Rebirth of the Cool: I Fought the Law
I first heard “I Fought the Law” by the Crickets as I first heard many of the oldies: travelling in the car with my parents. Much of the foundation of my music education was laid while sitting in the back seat of the car as we drove to family gatherings, listening to the only radio station – WMJI Majic 105.7 – that my mother, father and I could agree on.
Sonny Curtis wrote the song and brought it with him when he joined the Crickets after Buddy Holly’s death, releasing it in 1965. The song was covered in 1966 by the Bobby Fuller Four and did well for them (though Fuller’s tremolo warble makes me want to punch him), but I’m going to take a wild guess that the majority of people reading this are most familiar with the Clash’s 1979 cover.
You’ll notice a couple of small lyrical changes from the Crickets’ original. For instance, the narrator of the original is robbing people with a zip gun, while, starting with the Bobby Fuller Four cover, he began robbing people with a six-gun. Though, of course, the biggest change implemented by the Clash took the narrator from merely missing his baby (or, as Fuller had it, leaving his baby) to killing her, making him much more of an outlaw than he started out. But, you know, at least he feels bad about it.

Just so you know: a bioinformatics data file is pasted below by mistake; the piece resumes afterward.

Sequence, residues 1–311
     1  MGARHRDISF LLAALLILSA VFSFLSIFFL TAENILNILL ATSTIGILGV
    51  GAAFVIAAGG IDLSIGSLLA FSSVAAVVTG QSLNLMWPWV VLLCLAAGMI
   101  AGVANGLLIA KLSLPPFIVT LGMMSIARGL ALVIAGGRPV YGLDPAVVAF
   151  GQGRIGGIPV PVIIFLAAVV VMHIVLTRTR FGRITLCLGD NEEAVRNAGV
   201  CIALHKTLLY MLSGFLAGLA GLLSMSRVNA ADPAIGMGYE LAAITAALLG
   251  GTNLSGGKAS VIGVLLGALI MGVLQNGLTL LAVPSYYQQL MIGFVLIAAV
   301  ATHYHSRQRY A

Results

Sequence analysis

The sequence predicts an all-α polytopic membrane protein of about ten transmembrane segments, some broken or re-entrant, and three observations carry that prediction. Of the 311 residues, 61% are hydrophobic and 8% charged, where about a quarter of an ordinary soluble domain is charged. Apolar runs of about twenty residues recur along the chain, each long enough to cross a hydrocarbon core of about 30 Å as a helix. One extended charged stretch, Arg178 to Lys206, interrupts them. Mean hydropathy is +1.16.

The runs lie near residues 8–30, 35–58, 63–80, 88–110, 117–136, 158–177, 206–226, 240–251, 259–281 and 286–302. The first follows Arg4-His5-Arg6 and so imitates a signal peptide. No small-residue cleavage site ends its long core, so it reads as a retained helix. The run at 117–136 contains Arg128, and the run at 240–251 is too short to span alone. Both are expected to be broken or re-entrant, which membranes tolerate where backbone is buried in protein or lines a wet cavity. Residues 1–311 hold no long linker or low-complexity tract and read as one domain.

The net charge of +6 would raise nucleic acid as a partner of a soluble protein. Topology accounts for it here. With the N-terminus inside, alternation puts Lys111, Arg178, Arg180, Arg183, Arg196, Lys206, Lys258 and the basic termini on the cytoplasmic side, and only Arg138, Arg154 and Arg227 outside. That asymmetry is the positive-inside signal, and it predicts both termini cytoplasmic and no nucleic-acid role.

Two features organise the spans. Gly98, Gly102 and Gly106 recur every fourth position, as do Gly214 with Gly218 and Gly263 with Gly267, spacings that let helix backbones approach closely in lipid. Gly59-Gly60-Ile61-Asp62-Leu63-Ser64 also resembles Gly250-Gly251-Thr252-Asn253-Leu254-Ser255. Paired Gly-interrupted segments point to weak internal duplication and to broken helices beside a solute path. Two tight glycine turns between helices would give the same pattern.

The lyrics of “I Fought the Law” seem to invite people to mess with them, and nobody messed with them more than Jello Biafra as he rewrote them to comment on the murders of San Francisco mayor George Moscone and city supervisor Harvey Milk for the Dead Kennedys’ 1980s re-working of the song.